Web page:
By Lisa Collinson
‘Few etymologies are perfect. Neither is this one. Yet it may be right.’
So wrote the eminent scholar Anatoly Liberman in 2007, in a beautifully-crafted OUPblog post entitled ‘Hamlet and Other Lads and Lasses: Or, From Rags to Riches’. That post explored the origins of the name of Shakespeare’s Prince of Denmark, and – with wonderful spark and spirit – revived an old theory that ‘Am-lothi … is the correct division [of the name], with Am– and loth– being related to Engl. em(ber), and lad respectively (-i is an ending).’ The name ‘ember boy’ as a whole was, Liberman noted, suggestive of ‘a despised third son of fairy tales, known in British folklore as Boots.’
This wholly Germanic etymology may, indeed, be right. But, in an article published online last week in the OUP journal Review of English Studies, I have set out my own – no doubt even less perfect – theory, which I hope will be of as much interest to artists of various kinds as to scholarly specialists.
In this new article, I conclude that Hamlet probably came ultimately from Gaelic Admlithi: a name attached to a player (or ‘mocker’) in a strange and violent medieval Irish tale known in English as ‘The Destruction of Da Derga’s Hostel’. If I’m right, this means that some version of the Hamlet-name was associated with players hundreds of years before Shakespeare lived or wrote.
What does Admlithi mean? It has proved tough to translate – particularly for me, as a specialist in Old Norse, rather than Gaelic. But once I’d found the name (sent to me years ago by a friend who knew I had an interest in medieval player-figures), it was impossible to let go. Partly, this had to do with the fact that it clearly had something to do with the concept of grinding, which I knew was a key element in two important early Nordic ‘Hamlet’ texts; but which also seemed to have plenty of powerful cultural potential of its own. (Just think of the range of its contemporary connotations!) In the end, I plumped for not one but three weird-yet-interesting interpretations of Admlithi: Great Grindings; Greatly Ground (plural); Due-To-Be-Greatly Ground.
But what did these really mean, in the Middle Ages? To Gaelic-speakers? To Norse-speakers? To people who spoke bits of both languages?
Once I started asking these questions in earnest, one of the answers I found was that yes, Gaelic words connected with grinding probably did (as we might guess) suggest violence, or sexual activity. But they could also imply low or ambiguous social status: sometimes linked to gender, sometimes to categorization as a ‘fool’ of some kind. In other words, use of the peculiar name Admlithi – grammatically hazy, yet bursting with meaning – could probably have said more about the character tagged with it than lines and lines of straightforward description. Just as well, in fact, for Admlithi has scarcely been mentioned in surviving versions of ‘Da Derga’s Hostel’ before he’s gone – out of the picture entirely.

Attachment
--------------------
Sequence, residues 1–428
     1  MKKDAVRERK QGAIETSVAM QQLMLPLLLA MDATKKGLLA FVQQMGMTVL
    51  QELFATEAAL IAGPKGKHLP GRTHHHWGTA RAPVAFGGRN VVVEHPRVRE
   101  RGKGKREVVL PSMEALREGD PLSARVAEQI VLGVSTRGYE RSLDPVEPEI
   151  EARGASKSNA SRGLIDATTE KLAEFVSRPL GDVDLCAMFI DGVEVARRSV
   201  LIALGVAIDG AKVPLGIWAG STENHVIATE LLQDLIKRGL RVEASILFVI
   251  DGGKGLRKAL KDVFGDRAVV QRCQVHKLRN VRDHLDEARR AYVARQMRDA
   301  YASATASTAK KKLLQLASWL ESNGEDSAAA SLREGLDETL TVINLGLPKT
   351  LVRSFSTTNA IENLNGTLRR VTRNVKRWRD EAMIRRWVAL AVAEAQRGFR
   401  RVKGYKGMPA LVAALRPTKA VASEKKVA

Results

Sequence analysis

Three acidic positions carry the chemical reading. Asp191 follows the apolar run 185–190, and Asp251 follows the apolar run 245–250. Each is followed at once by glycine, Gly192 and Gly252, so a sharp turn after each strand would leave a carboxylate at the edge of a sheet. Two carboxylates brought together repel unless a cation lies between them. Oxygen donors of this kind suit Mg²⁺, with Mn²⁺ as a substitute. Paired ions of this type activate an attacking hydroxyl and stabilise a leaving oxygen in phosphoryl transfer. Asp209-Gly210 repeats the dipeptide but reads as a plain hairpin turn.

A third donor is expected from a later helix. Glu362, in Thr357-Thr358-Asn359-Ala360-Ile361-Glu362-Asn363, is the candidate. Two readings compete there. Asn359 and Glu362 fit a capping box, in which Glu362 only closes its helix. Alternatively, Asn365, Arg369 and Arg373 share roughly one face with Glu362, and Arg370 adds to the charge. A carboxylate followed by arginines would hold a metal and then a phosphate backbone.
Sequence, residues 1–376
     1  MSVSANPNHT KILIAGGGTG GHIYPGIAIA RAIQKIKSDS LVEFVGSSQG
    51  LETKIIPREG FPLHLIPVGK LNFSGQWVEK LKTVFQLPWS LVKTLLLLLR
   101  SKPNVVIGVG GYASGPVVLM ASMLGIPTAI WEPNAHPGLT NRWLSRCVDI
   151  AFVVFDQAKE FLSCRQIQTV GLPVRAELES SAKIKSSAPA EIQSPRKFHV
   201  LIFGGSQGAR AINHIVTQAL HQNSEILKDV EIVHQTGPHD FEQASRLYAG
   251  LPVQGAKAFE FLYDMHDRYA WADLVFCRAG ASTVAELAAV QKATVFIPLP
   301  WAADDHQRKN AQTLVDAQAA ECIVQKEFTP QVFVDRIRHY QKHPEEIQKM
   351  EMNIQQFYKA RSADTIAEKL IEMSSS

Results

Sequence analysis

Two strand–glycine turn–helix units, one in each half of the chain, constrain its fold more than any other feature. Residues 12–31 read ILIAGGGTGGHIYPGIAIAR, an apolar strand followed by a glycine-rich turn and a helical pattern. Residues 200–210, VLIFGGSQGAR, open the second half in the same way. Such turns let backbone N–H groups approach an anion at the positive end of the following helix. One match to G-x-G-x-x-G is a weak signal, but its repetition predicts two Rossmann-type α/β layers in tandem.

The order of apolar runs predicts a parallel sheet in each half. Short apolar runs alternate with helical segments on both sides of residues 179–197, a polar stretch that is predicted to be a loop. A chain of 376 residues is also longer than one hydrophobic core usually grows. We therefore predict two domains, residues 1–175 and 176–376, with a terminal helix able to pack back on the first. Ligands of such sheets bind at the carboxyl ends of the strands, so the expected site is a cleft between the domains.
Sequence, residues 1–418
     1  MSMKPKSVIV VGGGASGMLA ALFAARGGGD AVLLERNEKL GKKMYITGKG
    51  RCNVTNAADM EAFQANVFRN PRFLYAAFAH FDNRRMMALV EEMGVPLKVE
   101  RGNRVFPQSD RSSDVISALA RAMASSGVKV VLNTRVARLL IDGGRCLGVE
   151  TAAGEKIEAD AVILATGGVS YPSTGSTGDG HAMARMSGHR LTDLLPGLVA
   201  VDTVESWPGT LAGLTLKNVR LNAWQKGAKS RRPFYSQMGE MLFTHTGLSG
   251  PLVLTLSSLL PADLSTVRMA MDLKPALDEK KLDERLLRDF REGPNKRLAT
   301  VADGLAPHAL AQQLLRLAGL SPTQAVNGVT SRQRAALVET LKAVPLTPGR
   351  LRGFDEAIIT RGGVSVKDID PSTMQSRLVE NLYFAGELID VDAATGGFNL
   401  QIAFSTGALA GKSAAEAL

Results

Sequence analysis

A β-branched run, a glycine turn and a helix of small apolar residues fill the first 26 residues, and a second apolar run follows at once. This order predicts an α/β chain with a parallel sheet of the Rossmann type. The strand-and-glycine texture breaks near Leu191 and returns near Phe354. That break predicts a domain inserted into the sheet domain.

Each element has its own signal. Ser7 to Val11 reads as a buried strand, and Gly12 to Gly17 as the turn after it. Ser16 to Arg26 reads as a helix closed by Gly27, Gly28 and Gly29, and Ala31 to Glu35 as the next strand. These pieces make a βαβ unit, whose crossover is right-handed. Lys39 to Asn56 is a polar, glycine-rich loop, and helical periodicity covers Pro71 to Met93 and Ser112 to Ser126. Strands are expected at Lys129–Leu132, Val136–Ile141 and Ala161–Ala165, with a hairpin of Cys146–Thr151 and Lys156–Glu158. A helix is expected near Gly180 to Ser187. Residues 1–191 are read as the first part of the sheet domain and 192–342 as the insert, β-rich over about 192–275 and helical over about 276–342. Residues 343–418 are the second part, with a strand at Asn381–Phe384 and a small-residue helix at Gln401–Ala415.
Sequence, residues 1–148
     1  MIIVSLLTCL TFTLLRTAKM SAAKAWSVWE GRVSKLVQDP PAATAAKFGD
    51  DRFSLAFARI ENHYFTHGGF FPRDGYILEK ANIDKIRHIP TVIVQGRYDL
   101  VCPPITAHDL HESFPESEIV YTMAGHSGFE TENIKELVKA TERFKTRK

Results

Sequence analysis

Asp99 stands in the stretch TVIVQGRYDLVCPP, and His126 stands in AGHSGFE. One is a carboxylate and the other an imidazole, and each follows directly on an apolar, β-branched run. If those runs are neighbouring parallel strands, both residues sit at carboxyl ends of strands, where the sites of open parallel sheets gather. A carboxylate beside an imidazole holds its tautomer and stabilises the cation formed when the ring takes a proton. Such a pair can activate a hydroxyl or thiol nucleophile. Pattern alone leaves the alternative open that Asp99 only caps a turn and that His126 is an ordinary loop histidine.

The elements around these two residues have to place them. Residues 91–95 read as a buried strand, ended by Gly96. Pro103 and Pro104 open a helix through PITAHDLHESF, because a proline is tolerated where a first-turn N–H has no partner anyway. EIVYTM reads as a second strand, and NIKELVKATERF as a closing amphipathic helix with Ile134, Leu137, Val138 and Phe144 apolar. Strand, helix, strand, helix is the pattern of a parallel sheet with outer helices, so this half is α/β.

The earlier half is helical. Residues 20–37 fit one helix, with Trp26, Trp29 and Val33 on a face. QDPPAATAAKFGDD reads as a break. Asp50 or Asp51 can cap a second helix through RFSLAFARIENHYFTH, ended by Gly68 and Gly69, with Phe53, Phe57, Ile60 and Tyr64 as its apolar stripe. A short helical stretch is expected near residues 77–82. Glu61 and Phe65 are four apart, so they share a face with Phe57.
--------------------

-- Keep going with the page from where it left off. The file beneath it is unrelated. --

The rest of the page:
So … Was this Irish player, Admlithi, Hamlet?
Hamlet is Hamlet!
But, as I discuss in the RES article, I do think there is a fair possibility that Gaelic Admlithi was known as a player-name in medieval Scandinavia, and that this somehow contributed to the development of a riddling figure called Amlethus, long identified as an early version of the character created by Shakespeare.
Perhaps more disturbingly, I’ve argued that another element feeding into the Amlethus-character may have been an alternative identity for ‘grinding’ Admlithi: as a dangerous sea-feature, such as a whirlpool, described in veiled language by anxious sailors. It’s unlikely that the creator of Amlethus could have fully understood this – but such use seems to me to have left faint traces in our medieval sources, just the same.
In the end, of course, faint traces are all we ever really have to work with, when we attempt to understand old, old names, and long-faded figures.
As Liberman so wisely pointed out in 2007: ‘Few etymologies are perfect. Neither is this one. Yet it may be right.’ And that’s why we keep trying – in the hope that somehow, with enough effort and sheer good luck, we’ll at last begin to ‘remember’ the secret names which seem so hopelessly opaque to us, but which we believe someone, somewhere must once have understood.
Lisa Collinson is a postdoctoral research fellow at the University of Aberdeen. Her doctorate (University of Cambridge) was on representation of royal play and players in Old Norse history-writing. She is currently coordinating the Leverhulme Trust-funded Medieval Nordic Laws project (headed by Stefan Brink). You can read the full text of Dr Collinson’s Review of English Studies paper here.